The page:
Future historians will have difficulty in explaining how it was possible that the conservative classes of most of the so-called capitalistic countries for so long a time misunderstood Nazism. There have been many influential businessmen and wealthy property owners, and there may still be some who regard Nazism as an insurance against Bolshevism. This certainly was true of a very influential group in France and in England. What has been called the English ruling class remained completely blind to the real nature of Nazism. Months after the storm broke over England, there was still an almost complete lack of understanding of the true nature and of the potentialities of German National Socialism. Let anyone who doubts this read Sir Neville Henderson's Failure of a Mission: Berlin, 1937-1939, the memoirs of a man who served as British ambassador to Berlin in the fateful years when clouds were gathering over Europe, and though he knew all the main characters in the play, he knew nothing, absolutely nothing, of the social forces operating behind the scene. The fact that Hitler has been able to conceal the universal revolutionary aims of his movement and sell it as an insurance of profits for vested interests in every country is probably the major achievement of his career.
Even more surprising, every phase of Nazi doctrine and procedure was described beforehand, either by the revolutionary leaders themselves or by men whose insight and competence is beyond doubt. To quote Hitler again, “And above all, we shall then maintain our passionate desire to revolutionize the world to an extent unparalleled in history. It gives us also a special, secret pleasure to see how the people about us are unaware of what is really happening to them. They gaze fascinated at one or two familiar superficialities, such as possessions and income and rank and other out-worn conceptions. As long as these superficialities are kept intact, they are quite satisfied. But in the meantime, they have entered into a new relation; a powerful social force has caught them up.”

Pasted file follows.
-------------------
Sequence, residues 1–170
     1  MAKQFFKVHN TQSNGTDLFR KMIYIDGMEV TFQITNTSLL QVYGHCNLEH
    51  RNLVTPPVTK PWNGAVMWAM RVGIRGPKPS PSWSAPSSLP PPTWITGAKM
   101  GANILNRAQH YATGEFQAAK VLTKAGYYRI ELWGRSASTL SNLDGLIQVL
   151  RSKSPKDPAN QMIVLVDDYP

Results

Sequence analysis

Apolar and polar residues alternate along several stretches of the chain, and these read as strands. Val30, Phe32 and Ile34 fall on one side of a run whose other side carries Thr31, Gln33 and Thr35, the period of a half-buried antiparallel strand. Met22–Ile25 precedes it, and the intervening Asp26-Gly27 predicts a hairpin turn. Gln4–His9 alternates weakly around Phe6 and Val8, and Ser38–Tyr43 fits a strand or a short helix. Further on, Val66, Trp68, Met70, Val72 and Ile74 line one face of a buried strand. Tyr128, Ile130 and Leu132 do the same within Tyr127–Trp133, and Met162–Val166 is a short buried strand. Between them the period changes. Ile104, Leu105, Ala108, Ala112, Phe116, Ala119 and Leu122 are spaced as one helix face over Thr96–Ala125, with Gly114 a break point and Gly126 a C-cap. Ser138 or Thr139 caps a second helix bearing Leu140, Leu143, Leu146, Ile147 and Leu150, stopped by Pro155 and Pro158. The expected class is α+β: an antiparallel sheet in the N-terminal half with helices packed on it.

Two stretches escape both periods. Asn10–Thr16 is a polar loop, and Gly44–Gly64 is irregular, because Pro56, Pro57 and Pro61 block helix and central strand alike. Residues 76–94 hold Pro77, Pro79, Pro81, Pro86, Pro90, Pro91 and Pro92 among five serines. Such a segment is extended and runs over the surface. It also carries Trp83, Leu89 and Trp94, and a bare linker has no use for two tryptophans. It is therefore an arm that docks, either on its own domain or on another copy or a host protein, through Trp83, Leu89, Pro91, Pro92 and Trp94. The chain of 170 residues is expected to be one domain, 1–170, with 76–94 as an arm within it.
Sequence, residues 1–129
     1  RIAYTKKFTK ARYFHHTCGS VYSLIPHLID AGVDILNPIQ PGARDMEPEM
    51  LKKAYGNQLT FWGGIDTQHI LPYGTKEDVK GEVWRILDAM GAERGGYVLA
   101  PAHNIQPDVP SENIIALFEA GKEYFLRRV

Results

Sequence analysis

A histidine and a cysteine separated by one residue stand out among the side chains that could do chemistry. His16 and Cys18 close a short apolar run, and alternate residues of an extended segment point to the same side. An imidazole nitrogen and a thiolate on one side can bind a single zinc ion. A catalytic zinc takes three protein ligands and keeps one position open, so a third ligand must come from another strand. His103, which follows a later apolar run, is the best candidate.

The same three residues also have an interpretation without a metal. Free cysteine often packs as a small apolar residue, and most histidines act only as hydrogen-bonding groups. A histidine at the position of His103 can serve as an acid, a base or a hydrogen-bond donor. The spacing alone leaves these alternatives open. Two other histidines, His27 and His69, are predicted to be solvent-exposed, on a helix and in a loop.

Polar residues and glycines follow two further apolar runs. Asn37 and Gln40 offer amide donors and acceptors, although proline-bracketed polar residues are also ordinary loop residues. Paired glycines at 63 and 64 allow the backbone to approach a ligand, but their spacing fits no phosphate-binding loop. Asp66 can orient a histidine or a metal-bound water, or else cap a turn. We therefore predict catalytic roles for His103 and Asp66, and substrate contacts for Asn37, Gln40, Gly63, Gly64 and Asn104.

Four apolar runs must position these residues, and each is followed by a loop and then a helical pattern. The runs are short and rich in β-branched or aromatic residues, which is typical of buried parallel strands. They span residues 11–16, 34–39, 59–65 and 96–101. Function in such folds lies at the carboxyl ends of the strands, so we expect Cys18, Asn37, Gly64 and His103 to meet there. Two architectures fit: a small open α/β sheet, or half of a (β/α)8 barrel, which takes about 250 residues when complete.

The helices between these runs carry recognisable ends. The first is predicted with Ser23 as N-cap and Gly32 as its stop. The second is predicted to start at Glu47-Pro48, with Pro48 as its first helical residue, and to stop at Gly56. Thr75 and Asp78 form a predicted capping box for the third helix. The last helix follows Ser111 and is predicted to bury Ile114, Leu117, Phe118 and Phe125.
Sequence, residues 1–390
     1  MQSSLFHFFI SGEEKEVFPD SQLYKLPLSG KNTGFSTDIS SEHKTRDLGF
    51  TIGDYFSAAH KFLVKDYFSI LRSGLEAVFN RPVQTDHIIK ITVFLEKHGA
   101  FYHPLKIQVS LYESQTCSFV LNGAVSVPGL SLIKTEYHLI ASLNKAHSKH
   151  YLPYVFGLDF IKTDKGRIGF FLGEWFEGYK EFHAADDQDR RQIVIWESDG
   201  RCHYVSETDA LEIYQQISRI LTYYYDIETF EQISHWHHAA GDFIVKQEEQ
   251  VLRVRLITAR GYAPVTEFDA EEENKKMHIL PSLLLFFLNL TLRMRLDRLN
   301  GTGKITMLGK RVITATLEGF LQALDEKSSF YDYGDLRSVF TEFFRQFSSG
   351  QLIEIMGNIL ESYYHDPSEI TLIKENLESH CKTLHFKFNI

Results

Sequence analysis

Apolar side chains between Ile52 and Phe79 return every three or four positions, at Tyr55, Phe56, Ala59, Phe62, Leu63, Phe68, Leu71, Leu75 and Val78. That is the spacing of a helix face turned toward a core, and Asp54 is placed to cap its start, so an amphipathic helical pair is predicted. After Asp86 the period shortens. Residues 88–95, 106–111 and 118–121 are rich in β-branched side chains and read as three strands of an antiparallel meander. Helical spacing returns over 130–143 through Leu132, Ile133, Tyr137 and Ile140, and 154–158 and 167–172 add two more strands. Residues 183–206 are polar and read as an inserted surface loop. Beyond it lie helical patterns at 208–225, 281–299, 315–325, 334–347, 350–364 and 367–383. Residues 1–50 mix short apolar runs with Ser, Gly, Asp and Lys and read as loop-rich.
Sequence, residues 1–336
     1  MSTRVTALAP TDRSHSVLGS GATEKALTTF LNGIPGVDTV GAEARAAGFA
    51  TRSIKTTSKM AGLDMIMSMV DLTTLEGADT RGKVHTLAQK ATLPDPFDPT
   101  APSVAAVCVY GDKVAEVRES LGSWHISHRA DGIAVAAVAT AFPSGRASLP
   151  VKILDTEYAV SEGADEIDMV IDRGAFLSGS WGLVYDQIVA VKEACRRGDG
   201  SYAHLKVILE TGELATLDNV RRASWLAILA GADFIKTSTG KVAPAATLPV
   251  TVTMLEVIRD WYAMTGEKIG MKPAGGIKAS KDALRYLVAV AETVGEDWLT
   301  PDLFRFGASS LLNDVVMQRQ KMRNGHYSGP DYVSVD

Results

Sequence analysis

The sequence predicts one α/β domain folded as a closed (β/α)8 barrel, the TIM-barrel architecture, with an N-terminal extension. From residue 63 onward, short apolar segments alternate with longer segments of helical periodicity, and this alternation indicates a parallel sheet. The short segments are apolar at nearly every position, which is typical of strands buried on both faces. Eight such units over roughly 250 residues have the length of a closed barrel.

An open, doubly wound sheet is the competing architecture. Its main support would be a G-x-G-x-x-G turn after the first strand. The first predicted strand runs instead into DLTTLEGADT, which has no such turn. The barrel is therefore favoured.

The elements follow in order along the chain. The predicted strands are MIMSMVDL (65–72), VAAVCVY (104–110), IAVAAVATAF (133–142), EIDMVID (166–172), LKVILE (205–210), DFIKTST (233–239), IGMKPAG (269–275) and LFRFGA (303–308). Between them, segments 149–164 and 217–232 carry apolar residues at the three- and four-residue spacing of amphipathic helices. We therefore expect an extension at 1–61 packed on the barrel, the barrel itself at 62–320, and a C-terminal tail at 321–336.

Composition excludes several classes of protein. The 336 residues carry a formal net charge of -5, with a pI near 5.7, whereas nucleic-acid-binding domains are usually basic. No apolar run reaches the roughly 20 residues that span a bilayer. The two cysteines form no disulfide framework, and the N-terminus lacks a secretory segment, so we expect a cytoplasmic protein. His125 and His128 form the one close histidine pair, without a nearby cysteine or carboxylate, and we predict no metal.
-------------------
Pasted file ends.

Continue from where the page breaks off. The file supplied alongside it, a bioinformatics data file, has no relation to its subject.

It is too late to deplore the short-sightedness and lack of vision of the leaders of most of the great nations. It is too late to go back to where we started. It is too late to regret what has been called “the policy of abasement.” If the revolutionary nature of these changes had been recognized in time, history might have taken a different turn. There were people in every country who saw clearly from the beginning that revolution, once under way, could not be appeased, could not be bought off by small concessions; that every concession would only whet the revolutionary appetite. A revolution can be victorious, or it can go down in defeat; it cannot be appeased.
Thus, we are facing a new world. We are facing a new economy. A phase of economic history which began at least as far back as the seventeenth century is drawing toward its end. Not since the advent of the Industrial Revolution has the world been confronted with such far-reaching changes of the pattern and dynamics of economy as those established in our age. We may well be living through the closing years of the economy of welfare, rapidly approaching what has been termed “the economy of force.” It is a moot question whether this development could have been prevented. It probably could have been if the statesmen of politics and business had had the courage to make small sacrifices while there was still time to make them. It was a question of giving up a little in order to save all; now we may have to give up all to save a little. The United States of America is the last and only country that has maintained the vestiges of an economy of welfare or an economy of wealth, as others call it. It is an isolated island surrounded by rising angry waves of power economy.
What will be the impact of this new economy on the American scene? How will it affect industry, labor, the whole social and political pattern? America, as we see it today, represents from many points of view the old world. What was known as the old world has almost overnight been shattered and changed beyond recognition by the volcanic eruption of new theories and social regroupings. There are very rare instances in the past of changes that have come so swiftly and affected human society so deeply. The present changes have been almost too abrupt to be perceived by the human mind and came too swiftly to be understood. According to the calendar, we are living in 1940, but our minds are back in 1920 or 1930 at the best. We do not see that the world around us is not what we thought it was; that it will never again be the same; that our individual lives will never again be the same; that our future and the future of our children will be affected to an unprecedented degree by this powerful revolution; that as we sit and drink and are merry, the earth trembles beneath our feet. Though the years we have lived through have been anything but a picnic, tomorrow may be much, much darker than yesterday.
Many of these books are out of print but they can usually be found at used bookstores throughout the United States via Alibris.com.
Other chapters from The Economics of Force: